White Rose University Consortium logo
University of Leeds logo University of Sheffield logo York University logo

Towards the Mass Fabrication of Single Electron Transistors for Biosensing Applications

Fry-Bouriaux, Louis (2017) Towards the Mass Fabrication of Single Electron Transistors for Biosensing Applications. PhD thesis, University of Leeds.

Text (PhD Thesis)
main-v7.pdf - Final eThesis - complete (pdf)
Available under License Creative Commons Attribution-Noncommercial-Share Alike 2.0 UK: England & Wales.

Download (12Mb) | Preview


The development of ultra sensitive charge sensing devices such as single-electron transistors (SETs) for next-generation biomedical applications has received considerable attention in the past few years. In this thesis, a potential approach for the mass-fabrication of metallic SETs for ultra-sensitive biosensing applications --- an important prerequisit for early diagnosis of many serious diseases --- is investigated. Using the orthodox theory of Coulomb blockade it is shown that it is possible to engineer an SET system that can satisfy the requirements for a highly sensitive charge sensor operating at room temperature while using metallic electrodes rather than semiconductor structures. In this configuration, the SET design and fabrication process is simplified greatly by lifting the dependence of the system on the confinement energy of electrons in the quantum dots (QDs), as is the case in semiconductor SETs. In return, this makes the tunnel junction properties and the geometrical arrangement of the islands and electrodes far more critical in determining the maximum operating temperature of the device. Here, the geometrical requirements for such a sensitive device are studied theoretically whilst the tunnel junction properties are studied experimentally and then theoretically to provide a thorough assessment of the abilities of the proposed SET system. Atomic-layer deposition (ALD) has proven to be a highly reliable technique for depositing uniform thickness and reproducible thin metal-oxide films and particularly the Al2O3 ALD process is known to be `ideal' with highly reproducible properties. Here, a systematic study of the electronic properties of ALD deposited Al2O3 thin films in MIM structures was performed to assess the ALD techniques applicability to the mass fabrication of quantum tunneling junctions for metallic SET structures. The two most crucial material parameters relevant to the design of metallic SET tunnel barriers are studied in detail; the dielectric constant of the film that determines the junction capacitance, and the properties of the potential barrier that mediates electron tunneling. Photolithographic techniques were used to create electrodes with a wide range of characteristic lengths as to provide a wide range of impedances. Measurements and subsequent analysis show that a high consistency can be attained over large surface areas in the film properties, and that electrode coverage is very effective, showing promise for mass-fabrication applications. Further analysis of the measurements shows that small static distortions in the barrier can affect the symmetry of MIM diode IV characteristics operating in the direct tunneling regime and that under certain circumstances the effect of surface states can be observed in the tunneling conductance.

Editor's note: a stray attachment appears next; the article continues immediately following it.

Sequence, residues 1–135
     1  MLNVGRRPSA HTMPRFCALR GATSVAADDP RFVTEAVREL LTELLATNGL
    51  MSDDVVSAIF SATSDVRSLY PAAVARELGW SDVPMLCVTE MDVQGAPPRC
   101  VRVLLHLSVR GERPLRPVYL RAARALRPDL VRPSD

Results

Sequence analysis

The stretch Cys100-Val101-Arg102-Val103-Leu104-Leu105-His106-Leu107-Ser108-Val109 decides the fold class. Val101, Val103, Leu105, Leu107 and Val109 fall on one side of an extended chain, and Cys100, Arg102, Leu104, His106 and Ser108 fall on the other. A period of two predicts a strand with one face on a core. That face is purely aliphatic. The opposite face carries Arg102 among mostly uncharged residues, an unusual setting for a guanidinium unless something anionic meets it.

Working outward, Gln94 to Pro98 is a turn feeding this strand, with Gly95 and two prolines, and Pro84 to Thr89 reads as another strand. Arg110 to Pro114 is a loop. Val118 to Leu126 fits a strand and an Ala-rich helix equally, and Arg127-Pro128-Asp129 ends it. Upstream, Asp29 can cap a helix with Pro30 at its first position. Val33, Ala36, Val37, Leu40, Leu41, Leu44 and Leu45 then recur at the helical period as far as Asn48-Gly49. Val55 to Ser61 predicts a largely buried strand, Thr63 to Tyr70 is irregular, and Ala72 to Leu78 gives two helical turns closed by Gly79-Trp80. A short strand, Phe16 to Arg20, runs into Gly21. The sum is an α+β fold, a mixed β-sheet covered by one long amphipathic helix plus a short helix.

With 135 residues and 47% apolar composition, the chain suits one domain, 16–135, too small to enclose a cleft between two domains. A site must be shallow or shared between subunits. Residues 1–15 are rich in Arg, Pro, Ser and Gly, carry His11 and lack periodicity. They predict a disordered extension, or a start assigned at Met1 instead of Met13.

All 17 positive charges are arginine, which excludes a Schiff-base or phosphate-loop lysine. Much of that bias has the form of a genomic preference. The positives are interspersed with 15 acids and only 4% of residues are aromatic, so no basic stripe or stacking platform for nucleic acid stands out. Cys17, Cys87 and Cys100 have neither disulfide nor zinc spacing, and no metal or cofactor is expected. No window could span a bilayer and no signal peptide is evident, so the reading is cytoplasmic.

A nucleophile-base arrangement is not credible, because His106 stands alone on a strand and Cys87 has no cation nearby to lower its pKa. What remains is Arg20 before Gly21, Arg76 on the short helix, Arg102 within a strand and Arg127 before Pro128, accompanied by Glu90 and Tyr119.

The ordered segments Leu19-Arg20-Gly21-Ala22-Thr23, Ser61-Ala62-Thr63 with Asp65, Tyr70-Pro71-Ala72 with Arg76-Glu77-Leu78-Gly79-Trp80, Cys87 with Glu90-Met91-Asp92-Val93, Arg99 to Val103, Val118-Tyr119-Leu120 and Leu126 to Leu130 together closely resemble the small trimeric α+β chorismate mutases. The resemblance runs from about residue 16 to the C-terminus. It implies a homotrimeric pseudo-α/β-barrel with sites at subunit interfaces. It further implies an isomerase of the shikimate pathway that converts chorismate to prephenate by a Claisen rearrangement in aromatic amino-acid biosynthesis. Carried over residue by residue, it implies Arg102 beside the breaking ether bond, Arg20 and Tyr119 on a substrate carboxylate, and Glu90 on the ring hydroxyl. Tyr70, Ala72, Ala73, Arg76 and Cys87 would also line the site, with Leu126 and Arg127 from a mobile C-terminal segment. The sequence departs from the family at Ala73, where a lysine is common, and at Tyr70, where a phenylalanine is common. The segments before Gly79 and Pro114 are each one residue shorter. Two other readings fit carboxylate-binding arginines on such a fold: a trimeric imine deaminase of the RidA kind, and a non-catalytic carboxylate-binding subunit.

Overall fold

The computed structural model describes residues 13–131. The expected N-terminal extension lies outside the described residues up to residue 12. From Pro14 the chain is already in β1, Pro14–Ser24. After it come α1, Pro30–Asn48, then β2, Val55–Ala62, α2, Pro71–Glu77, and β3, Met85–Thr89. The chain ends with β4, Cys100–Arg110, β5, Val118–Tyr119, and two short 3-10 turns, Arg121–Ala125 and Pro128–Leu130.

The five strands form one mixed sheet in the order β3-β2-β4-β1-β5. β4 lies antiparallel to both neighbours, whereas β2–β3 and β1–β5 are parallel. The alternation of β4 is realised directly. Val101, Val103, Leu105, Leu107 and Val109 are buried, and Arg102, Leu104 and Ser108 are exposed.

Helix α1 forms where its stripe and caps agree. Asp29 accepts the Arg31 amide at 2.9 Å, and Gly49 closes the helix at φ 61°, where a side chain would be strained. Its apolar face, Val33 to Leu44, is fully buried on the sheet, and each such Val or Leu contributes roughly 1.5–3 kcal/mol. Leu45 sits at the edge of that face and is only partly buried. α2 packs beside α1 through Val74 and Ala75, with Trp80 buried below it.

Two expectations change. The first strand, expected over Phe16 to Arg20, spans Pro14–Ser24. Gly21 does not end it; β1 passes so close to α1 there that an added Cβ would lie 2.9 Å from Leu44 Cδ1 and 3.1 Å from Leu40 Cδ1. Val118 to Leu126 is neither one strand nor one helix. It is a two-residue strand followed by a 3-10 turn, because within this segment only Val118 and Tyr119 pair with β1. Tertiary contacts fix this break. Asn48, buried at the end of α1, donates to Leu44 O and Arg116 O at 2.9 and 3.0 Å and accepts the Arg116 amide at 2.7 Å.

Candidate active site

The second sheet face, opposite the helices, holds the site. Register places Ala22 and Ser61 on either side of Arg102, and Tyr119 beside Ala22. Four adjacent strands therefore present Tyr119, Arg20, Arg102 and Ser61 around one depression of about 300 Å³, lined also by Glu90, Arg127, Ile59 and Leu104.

Item Type: Thesis (PhD)
Related URLs:
Keywords: MIM, insulator, metal, tunneling, diode, capacitor, SET, single, electron, transistor, biosensor
Academic Units: The University of Leeds > Faculty of Engineering (Leeds)
The University of Leeds > Faculty of Engineering (Leeds) > School of Electronic & Electrical Engineering (Leeds)
The University of Leeds > Faculty of Engineering (Leeds) > School of Electronic & Electrical Engineering (Leeds) > Institute of Microwaves and Photonics (Leeds)
Identification Number/EthosID: uk.bl.ethos.727267
Depositing User: Dr Louis Fry-Bouriaux
Date Deposited: 28 Nov 2017 14:55
Last Modified: 25 Jul 2018 09:56
URI: http://etheses.whiterose.ac.uk/id/eprint/18870

You can contact us about this item. If you need to make a general enquiry, please see the Contact us page.

Actions (repository staff only: login required)